Meditations, by Marcus AureliusBy Roy Goble
The Roman Emperor Marcus Aurelius ruled from 161-180 AD. You most likely know him from the Gladiator movie, as played by Richard Harris. It wasn’t historically accurate (it wasn’t meant to be) but it hinted at the wisdom of this particular ruler.
One of Aurelius’ legacies was the interesting philosophical book The Emperor’s Handbook: A New Translation of The Meditations. It’s a collection of thoughts that offer insights to the time and age. It’s a bit like the book of Proverbs, though not as poetic and sometimes the insights are a few pages long rather than a few lines. But it was probably viewed in the same way as Proverbs at the time because it reflected the collected wisdom of an esteemed ruler.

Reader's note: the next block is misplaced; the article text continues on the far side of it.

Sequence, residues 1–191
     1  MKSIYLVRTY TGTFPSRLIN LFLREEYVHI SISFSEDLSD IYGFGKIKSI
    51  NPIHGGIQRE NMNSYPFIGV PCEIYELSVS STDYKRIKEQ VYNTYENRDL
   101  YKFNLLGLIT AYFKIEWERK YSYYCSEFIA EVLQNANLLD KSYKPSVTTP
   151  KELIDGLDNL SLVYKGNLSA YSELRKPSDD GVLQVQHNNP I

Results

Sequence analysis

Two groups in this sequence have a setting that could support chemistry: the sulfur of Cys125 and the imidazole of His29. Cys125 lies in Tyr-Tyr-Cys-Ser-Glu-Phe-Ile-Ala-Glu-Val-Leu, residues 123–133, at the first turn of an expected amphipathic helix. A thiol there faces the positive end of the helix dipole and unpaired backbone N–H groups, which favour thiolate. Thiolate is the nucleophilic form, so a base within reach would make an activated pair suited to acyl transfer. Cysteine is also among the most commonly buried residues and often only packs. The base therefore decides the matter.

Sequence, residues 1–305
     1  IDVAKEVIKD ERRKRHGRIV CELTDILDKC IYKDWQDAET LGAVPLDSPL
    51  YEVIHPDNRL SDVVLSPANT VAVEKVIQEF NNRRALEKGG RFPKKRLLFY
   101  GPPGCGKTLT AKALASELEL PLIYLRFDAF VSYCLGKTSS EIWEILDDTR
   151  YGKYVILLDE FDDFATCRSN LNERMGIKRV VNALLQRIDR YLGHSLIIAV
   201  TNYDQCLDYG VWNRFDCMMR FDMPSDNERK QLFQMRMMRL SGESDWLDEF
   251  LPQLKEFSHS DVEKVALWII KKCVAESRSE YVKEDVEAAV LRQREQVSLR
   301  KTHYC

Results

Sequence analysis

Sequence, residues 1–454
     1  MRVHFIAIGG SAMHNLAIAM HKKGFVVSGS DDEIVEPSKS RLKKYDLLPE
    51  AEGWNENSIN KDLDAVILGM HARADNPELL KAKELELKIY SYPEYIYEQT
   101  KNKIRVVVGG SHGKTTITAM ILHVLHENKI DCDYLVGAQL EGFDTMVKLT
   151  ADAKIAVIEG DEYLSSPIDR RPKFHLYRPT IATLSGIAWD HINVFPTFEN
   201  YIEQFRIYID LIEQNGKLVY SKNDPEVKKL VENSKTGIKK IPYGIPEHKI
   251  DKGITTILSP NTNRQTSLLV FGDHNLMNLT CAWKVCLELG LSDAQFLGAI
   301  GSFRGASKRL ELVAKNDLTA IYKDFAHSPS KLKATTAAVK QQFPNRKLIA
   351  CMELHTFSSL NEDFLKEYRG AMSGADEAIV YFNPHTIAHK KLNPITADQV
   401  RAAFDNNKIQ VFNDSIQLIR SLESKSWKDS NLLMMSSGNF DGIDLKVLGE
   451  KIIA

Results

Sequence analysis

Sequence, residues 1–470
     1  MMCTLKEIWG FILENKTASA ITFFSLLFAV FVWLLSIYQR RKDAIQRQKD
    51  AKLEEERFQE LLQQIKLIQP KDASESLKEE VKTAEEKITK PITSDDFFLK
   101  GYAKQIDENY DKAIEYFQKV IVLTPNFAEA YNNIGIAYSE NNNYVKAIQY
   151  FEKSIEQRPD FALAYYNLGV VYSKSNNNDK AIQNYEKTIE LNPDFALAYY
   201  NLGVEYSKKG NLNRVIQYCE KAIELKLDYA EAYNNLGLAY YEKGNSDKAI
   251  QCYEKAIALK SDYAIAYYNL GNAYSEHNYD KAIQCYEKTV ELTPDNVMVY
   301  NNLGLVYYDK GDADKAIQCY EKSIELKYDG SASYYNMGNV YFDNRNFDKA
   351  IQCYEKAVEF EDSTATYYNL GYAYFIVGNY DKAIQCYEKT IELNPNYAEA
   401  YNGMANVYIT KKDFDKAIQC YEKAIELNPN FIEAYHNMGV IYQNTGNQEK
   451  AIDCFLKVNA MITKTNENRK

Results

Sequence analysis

Some of what you will read in Meditations is profound, some is (in my opinion) nonsense. But it all offers a window into a worldview that was so important in the shaping of our world today. The echo of the Roman Empire is still heard, not to mention the impact of the early Christian Church. Understanding that world helps us to understand how history has evolved.